Alfa Laval - Dry Tailings Solutions: Technology Matters

amols blog post02 hero1200x400

Dry Tailings Solutions: Technology Matters

Today, more than ever before, the Mining industry is looking for technical solutions to dewater mine tailings to eliminate the risk of tailings dam failures. But while there is growing industry consensus on the Why and possibly the When, the How is not that straight forward. A vast array of mechnical solutions exist that all promise to deliver dry tailings in a cost-effective way. This leaves miners in the difficult position to navigate the often confusing choices of emerging and established technologies, with engineering teams on sites conducting extensive trials to see what works for their operations.

The key evaluation criteria that mining and mineral processing companies consider while selecting tailings dewatering technologies are:

  • Consistency of dewatered solids – preferably dry, stackable
  • Clarity of filtrate/centrate for recovery and reuse
  • Sound operating economy

What are the Pros and Cons of the most commonly used mechanical technologies available in the market today? Let’s take a closer look at some of the more commonly used products.

Paste Thickener thickens the tailings to a paste-like consistency which is then pumped for mine back-filling or surface paste disposal. In order to achieve this consistency a paste thickener typically has a deep cone design. It needs a fairly large dosage of flocculant and has to be equipped with high-torque drive heads to enable movement of the rake mechanism in the deep bed of solids. Pumping costs are generally high as positive displacement pumps are required for paste discharge. A high degree of supervision is needed to maintain bed depth and underflow consistency. Besides high CAPEX and OPEX, available literature suggests that the output of a paste thickener is difficult to control.

Filter Press incorporates recessed or chamber/recess plates in its design. It uses high filtration pressure to generate a dry solids cake. The filter press gives excellent solids capture when conditioned properly but involves a batch-type operation consisting of several steps. Modern filter press can be equipped with cloth shaking mechanism, automatic cloth washing device, etc, to reduce the manhours in this labour intensive process but are expensive to install. Even with these features, the filter cloth can get clogged due to fine clay particles resulting in prolonged filtration cycles and wear and tear to the filter cloth. Owing to its large footprint and the additional features the modern filter press has a high CAPEX. Changing the filter cloth due to rapid wear and tear and large wash water consumption plus frequent operator intervention lead to a high OPEX.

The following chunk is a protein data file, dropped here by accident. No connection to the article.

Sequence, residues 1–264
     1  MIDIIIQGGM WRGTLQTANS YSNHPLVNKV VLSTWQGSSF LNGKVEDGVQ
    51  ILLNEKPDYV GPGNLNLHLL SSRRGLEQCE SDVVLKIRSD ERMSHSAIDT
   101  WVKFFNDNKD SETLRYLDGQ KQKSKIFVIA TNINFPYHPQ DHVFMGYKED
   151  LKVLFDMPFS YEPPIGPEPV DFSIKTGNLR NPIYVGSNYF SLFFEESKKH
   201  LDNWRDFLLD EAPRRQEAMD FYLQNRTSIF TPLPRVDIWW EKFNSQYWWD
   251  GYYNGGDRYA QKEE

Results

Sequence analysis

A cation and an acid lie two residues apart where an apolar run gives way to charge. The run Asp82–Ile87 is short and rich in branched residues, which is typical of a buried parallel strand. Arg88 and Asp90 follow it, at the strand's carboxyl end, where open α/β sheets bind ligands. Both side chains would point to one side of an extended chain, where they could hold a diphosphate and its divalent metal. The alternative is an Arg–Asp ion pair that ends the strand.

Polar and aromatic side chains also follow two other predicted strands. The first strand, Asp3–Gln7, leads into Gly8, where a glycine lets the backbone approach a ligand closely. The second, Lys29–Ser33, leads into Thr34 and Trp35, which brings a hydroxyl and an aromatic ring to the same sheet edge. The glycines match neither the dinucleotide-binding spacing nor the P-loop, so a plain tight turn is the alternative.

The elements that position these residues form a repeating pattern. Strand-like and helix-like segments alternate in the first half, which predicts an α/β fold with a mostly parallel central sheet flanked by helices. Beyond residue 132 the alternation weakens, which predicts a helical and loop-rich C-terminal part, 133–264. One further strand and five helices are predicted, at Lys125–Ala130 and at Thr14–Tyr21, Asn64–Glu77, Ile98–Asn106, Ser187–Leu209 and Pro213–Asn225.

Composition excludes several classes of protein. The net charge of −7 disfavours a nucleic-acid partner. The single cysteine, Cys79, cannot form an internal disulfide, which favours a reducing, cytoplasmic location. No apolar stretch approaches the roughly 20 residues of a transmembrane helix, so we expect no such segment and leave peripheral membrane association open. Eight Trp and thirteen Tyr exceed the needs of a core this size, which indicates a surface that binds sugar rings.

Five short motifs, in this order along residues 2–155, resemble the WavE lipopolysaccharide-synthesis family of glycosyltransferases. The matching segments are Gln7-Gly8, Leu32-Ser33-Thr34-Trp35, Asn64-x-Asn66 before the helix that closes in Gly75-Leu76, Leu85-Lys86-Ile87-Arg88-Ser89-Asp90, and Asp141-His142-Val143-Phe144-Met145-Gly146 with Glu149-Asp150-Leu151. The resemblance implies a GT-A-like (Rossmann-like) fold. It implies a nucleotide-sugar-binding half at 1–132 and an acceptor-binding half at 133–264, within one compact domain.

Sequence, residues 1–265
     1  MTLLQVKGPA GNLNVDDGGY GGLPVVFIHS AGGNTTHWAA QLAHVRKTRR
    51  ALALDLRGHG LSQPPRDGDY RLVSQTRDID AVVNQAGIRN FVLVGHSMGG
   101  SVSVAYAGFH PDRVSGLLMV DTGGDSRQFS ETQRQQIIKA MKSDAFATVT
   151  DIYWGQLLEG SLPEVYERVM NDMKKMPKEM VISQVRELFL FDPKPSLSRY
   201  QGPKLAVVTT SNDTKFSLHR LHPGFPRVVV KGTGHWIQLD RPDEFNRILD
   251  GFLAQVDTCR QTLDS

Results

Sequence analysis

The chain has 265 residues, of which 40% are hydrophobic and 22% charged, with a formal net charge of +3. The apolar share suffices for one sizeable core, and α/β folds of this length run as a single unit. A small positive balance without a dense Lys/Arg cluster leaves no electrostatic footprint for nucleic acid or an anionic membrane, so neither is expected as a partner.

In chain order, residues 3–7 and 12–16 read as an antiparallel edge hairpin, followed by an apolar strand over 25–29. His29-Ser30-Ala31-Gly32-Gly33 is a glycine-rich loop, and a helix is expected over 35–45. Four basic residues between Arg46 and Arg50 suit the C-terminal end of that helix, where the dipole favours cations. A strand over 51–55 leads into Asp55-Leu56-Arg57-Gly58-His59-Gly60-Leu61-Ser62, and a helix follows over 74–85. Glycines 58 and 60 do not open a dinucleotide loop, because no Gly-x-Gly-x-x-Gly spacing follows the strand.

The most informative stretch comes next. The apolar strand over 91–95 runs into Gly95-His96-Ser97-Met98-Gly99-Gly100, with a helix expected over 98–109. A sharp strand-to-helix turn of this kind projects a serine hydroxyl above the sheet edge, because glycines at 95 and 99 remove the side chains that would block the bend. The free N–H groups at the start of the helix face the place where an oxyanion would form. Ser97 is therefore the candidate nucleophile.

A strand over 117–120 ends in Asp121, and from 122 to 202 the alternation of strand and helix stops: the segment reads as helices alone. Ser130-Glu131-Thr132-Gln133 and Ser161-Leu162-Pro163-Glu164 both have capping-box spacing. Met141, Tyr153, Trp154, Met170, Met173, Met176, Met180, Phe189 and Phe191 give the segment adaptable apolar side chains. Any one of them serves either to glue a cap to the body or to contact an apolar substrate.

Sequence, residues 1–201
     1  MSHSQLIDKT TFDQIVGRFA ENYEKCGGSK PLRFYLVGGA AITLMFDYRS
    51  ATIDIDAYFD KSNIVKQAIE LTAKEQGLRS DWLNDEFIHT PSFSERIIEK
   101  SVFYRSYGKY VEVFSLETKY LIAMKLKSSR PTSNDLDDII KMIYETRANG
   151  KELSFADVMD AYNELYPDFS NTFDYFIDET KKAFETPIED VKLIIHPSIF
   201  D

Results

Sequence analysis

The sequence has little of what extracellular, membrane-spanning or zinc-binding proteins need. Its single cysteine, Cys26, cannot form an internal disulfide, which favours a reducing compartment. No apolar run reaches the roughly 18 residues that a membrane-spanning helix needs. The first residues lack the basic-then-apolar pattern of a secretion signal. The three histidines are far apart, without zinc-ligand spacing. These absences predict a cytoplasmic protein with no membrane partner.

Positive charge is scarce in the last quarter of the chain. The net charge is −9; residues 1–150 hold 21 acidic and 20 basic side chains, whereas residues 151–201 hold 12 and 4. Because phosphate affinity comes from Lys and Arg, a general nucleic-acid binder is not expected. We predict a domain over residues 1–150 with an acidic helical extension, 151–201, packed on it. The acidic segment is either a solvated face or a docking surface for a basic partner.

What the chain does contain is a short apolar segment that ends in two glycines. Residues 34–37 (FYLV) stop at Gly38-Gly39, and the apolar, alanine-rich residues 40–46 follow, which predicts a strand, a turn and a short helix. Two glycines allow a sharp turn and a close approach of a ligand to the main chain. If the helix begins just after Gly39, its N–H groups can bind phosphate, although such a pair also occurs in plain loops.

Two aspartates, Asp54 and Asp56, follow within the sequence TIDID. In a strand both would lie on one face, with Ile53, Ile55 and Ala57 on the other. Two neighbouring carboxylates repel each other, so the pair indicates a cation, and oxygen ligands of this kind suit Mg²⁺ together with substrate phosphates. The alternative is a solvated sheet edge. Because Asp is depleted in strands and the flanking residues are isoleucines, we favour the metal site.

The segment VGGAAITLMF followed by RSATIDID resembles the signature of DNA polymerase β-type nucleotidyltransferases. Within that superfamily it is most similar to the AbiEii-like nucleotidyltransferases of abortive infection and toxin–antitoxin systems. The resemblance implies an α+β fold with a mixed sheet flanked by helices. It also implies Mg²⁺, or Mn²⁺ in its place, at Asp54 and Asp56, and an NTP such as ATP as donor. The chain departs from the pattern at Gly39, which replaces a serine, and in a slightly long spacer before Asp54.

Belt Press achieves filtration by passing a pair of filtering cloths and belts through a system of rollers wherein the tailings solids are sandwiched between the two filtering cloths. It has low energy requirements and is simple to operate. However, the belt press has a large footprint and requires frequent maintenance and cleaning. Since it has a limited throughput capacity (a 3m x 3m belt press can dewater 20-25 t/h solids on dry basis) the number of units needed for tailings dewatering is high, resulting in high CAPEX. The belt press requires large dosage of flocculant to dewater tailings with fairly high clay content. Large quantities of wash water is required to keep the filtering cloths clean, adding to its OPEX.

Solid Bowl Centrifuge (SBC) consists of a horizontal bowl with a scroll conveyor inside it which is together referred to as the rotating assembly. The assembly spins around its own axis at high speed, thereby generating high centrifugal force that enables separation of tailings solids from the liquid. The separated solids are scrolled out by the conveyor in the form of a dry solids cake whereas the clear liquid (centrate) overflows the weir plates located at the opposite end. Although the SBC technology has existed for several decades it is only in the past 8-10 years that design improvements made by Alfa Laval in wear protection of key components, coupled with changes in its geometry and operating philosophy, have enabled the SBC to be utilized to deliver high solids cake concentration, even at high flow rates. Centrifuge technology requires moderate dosage of flocculant in some tailings dewatering applications but has the highest unit capacity per footprint. As well as having a relatively lower CAPEX, the OPEX is favourable due to its high throughput and lower lifecycle costs.

When comparing options for mechanical dewatering, my advice is to consider the following factors to calculate CAPEX and OPEX correctly:

  • Footprint size, ancillary equipment and installation cost
  • Unit capacity and daily throughput
  • Durability of the material of construction
  • Operating cost including wash water, flocculant, labour, power, compressed air, solids transport, etc.
  • Availability of service support and cost of maintenance (lifecycle cost)